After courtship, and often with the advent of the rainy season, the gators disperse. The female alligator switches gears changing from companion to engineer. In June or July, she seeks just the right location to build her nest. Water levels help her decide the height for her nest site so it won’t be flooded. The location she chooses may be a few feet (1 meter) to as much as 50 feet (15 meters) from the water.

Female alligators use their whole bodies to construct the nest mound. She uses her belly and tail to clear an area and her jaws to tear out and drag plant material to pile into a mound. She mixes the vegetation with sticks, leaves, and mud. As she piles the vegetation, she also compresses the materials she has gathered, making numerous collecting trips. She may construct the nest in a few days or work on it intermittently for a month. The mound is built as much as six feet (2 meters) across and up to a height of three feet (1 meter).

As she finishes the nest building, she may crawl off the mound and circle it a number of times, lifting her head to inspect her work. She then climbs back on the mound and spends several hours slowly turning as she uses her hind legs to create a foot deep (30 centimeter) depression in the top of the mound. She then deposits 20 to 50 oval eggs. Finally, she makes a number of trips back to the waters’ edge to gather muddy vegetation to pile in and over the depression and finishes by compressing the area with her body.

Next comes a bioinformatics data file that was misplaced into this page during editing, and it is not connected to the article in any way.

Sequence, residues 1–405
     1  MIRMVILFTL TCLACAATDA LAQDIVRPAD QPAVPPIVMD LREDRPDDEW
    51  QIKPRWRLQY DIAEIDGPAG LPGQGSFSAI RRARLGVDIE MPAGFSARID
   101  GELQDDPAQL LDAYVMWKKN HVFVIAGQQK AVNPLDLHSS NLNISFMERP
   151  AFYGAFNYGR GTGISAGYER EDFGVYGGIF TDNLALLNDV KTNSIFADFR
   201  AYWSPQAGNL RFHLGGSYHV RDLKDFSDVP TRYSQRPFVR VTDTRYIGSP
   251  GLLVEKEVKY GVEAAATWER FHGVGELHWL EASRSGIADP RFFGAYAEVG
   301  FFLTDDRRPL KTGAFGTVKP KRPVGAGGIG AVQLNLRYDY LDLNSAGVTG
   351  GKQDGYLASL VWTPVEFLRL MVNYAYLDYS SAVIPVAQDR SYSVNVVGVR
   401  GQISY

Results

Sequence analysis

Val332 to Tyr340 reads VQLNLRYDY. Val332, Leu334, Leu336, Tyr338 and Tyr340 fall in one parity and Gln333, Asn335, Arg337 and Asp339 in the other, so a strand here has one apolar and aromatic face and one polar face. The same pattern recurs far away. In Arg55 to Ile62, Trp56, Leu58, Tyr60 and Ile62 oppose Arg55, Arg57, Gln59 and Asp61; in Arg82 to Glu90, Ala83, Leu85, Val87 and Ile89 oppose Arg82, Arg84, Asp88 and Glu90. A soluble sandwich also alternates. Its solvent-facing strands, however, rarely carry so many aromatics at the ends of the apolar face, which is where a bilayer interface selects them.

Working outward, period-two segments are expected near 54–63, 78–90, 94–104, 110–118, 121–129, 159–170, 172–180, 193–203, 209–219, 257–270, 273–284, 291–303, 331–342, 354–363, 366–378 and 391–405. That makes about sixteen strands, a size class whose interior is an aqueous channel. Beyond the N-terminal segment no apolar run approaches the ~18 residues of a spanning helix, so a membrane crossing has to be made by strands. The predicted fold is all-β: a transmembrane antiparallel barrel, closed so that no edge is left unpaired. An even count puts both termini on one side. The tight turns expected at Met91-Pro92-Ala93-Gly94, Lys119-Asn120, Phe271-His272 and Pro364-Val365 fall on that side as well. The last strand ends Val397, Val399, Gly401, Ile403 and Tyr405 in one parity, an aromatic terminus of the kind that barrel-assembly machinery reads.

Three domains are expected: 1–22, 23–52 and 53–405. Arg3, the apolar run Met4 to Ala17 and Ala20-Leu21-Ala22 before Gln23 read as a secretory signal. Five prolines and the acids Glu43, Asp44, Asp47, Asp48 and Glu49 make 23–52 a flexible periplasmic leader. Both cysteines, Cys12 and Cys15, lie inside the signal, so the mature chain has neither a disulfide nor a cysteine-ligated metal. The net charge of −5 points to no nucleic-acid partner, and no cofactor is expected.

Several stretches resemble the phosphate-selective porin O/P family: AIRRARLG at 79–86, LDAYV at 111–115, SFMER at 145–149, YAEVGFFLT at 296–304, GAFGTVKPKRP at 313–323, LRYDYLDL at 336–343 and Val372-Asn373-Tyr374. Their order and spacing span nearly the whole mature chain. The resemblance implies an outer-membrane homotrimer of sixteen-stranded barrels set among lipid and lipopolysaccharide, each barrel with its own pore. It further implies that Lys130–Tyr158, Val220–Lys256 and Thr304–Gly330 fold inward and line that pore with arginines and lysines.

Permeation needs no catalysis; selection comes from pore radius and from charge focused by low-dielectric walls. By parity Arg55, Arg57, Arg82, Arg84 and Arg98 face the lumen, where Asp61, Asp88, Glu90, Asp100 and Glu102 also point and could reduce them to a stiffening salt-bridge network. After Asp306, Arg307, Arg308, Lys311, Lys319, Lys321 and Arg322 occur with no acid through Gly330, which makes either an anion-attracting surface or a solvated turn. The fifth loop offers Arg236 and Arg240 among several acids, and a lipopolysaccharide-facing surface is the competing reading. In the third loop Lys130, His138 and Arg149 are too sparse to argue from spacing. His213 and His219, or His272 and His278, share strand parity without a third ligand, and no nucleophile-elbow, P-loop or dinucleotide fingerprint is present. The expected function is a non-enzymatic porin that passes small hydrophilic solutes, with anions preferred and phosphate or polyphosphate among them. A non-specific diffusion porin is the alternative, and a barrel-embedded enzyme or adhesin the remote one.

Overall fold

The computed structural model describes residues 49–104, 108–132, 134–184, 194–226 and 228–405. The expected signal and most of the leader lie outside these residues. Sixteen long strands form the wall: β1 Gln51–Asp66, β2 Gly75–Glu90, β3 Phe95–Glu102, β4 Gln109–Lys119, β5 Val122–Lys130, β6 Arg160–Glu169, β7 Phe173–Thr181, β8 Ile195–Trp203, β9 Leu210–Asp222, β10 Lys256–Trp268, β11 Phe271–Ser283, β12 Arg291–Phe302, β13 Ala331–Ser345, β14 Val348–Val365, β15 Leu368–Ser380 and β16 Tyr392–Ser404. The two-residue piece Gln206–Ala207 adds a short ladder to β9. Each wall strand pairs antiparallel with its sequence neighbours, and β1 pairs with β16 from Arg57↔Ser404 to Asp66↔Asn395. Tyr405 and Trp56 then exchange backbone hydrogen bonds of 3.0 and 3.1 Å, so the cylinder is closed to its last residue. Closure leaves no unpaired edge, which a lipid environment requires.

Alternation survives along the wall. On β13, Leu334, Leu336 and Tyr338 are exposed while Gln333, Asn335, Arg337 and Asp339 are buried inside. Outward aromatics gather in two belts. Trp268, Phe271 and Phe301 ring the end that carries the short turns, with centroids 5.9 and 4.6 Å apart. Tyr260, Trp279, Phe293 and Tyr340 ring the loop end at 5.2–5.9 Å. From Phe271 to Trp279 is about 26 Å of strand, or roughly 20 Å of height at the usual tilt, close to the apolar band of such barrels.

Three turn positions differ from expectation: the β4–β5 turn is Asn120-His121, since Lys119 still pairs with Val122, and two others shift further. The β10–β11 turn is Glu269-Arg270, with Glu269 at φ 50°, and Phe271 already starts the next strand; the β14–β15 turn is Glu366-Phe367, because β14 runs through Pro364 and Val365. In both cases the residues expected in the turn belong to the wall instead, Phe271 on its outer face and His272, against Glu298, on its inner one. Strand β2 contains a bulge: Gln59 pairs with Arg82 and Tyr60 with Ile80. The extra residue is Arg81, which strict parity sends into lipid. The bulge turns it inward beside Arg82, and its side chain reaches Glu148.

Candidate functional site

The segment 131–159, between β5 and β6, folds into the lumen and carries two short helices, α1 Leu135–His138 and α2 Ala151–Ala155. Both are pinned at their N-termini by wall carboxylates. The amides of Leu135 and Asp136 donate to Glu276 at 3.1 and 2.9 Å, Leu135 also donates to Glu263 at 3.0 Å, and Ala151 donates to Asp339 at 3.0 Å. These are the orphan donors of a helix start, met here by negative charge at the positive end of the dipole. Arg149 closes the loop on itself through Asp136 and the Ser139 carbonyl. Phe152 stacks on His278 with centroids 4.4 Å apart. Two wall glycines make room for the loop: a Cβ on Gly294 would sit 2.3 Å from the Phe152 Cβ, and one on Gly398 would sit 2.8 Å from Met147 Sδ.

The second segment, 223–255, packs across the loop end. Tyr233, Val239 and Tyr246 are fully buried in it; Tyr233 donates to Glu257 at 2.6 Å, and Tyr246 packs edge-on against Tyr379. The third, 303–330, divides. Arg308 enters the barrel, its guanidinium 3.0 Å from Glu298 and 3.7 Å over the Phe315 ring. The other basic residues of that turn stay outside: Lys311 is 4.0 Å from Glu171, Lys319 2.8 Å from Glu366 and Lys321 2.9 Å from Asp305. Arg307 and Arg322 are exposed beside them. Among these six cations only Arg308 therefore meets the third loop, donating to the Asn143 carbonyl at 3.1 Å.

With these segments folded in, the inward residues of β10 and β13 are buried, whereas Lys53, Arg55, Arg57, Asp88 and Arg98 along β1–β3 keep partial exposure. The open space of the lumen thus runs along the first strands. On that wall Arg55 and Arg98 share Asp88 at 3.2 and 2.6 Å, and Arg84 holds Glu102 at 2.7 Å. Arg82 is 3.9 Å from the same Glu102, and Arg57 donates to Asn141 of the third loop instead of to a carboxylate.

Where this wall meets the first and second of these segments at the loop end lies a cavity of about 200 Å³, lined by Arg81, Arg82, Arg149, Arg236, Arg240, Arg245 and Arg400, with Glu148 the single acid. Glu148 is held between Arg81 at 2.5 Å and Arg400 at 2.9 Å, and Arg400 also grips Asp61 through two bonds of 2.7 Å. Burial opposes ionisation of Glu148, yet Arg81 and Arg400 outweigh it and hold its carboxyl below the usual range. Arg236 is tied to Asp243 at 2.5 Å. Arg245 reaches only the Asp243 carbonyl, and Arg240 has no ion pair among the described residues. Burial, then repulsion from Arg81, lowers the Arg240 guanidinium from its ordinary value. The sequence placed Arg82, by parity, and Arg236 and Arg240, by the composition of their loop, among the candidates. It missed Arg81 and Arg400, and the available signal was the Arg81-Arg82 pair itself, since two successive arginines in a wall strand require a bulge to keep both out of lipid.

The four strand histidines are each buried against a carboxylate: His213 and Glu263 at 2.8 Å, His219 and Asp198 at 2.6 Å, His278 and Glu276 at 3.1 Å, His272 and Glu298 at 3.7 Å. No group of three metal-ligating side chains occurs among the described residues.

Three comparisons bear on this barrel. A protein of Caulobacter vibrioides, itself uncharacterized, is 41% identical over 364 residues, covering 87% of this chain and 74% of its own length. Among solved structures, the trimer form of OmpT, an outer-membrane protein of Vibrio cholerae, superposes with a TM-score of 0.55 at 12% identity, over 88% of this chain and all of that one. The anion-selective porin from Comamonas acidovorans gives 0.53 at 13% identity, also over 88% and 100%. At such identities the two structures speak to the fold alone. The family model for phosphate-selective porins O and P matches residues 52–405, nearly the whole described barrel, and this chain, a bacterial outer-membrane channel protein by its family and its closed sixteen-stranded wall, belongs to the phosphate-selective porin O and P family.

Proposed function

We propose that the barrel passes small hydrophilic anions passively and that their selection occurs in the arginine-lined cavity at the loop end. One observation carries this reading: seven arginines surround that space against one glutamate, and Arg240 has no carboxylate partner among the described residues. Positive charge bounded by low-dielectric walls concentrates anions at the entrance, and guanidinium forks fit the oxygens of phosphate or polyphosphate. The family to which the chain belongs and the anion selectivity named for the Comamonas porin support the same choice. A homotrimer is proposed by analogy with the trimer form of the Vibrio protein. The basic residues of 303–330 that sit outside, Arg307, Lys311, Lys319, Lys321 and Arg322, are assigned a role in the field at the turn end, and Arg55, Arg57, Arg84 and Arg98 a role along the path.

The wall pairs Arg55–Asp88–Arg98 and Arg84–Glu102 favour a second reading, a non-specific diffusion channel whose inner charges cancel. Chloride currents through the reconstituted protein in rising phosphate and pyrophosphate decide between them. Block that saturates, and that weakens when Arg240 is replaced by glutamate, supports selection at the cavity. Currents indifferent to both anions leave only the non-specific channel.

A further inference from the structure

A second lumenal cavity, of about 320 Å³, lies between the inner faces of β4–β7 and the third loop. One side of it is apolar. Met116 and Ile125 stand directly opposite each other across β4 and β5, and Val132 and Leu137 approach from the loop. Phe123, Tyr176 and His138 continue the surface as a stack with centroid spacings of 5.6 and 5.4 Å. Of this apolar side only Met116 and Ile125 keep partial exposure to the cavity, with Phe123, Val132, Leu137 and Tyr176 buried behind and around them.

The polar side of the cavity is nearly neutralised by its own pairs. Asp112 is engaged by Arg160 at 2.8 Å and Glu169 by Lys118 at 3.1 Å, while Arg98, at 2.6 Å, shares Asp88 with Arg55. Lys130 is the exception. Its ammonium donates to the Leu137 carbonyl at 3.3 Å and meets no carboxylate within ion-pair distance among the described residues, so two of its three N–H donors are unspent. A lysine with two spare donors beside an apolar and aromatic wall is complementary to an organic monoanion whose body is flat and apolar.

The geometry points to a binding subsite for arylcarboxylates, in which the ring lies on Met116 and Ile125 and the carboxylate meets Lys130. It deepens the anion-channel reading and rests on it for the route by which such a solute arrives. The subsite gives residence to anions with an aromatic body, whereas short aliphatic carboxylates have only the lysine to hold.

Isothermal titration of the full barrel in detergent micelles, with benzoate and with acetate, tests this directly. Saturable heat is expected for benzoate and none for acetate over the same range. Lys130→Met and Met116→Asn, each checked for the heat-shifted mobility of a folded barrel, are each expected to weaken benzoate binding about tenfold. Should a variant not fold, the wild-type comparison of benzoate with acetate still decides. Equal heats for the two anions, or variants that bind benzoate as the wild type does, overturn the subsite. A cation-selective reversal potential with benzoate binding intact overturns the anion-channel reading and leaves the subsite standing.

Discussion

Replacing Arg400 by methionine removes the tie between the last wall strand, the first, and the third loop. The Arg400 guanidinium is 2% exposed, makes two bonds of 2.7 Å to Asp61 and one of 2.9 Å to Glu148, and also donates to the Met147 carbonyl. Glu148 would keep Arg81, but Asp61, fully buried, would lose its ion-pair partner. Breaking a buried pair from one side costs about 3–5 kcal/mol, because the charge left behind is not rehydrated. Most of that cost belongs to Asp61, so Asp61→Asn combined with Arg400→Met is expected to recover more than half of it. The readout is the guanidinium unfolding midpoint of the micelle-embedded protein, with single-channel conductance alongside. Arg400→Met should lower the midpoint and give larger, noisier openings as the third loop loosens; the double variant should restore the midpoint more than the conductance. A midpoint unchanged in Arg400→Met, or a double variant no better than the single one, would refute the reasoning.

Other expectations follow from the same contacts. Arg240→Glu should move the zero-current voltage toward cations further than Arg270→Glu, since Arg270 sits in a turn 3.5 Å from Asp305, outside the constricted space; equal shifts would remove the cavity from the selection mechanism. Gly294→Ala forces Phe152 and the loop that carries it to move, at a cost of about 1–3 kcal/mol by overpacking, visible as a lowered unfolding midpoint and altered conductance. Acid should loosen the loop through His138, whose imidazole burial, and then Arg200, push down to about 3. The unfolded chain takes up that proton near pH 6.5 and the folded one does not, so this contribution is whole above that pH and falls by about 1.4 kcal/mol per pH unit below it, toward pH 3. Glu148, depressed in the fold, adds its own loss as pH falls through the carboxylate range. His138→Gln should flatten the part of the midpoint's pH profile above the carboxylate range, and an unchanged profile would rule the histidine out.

During the 65 day incubation, females stay close to their nests. Some actively defend their nests from marauding raccoons and other animals by lunging and hissing when intruders approach. (For your safety, alligator nests should never be approached.) However, the female alligator may get hungry during incubation and leave the nest to hunt. It is then that female red-bellied turtles may visit the mound, depositing their eggs in the alligator nest. Thus when the female alligator returns she is unknowingly protecting the eggs of both reptilian species. As the alligator embryos develop, it is the heat in the nest that determines the sex of the baby gators. A temperature of 91 degrees F (33 degrees C) or higher produces males, while a temperature of 86 degrees F (30 degrees C) produce females. In between the two temperatures there is a 50-50 chance of either males or females being born.


Photo by Bill Combs of two baby alligators on a log in the river.

As incubation is completed, some of the hatchlings begin producing a grunting sound, which stimulates the other hatchlings to also grunt. The sound draws the female alligator and she carefully begins opening her nest. The six to nine-inch long hatchlings use an egg tooth to tear through their leathery shells and then head for the water. If necessary, the mother alligator may help the hatchlings emerge by rolling eggs gently in her jaws.

The hatchlings yellow striping provides camouflage as they spread out in the grasses of marshes or along riverbanks. On sunny days, young may climb onto the back of their mothers, using her as a source of warmth. The young may stay with their mother for two years before they begin to disperse.

Alligators in the Everglades grow slowly, but once they reach six feet (2 meters), the cycle repeats with new pair bonds forming and females constructing their first nests as their mothers before them have done for years.

Isabel Kalafarski is a Park Ranger Big Cypress National Preserve. Linda Friar, Chief of Public Information for Everglades and Dry Tortugas National Parks contributed to this article.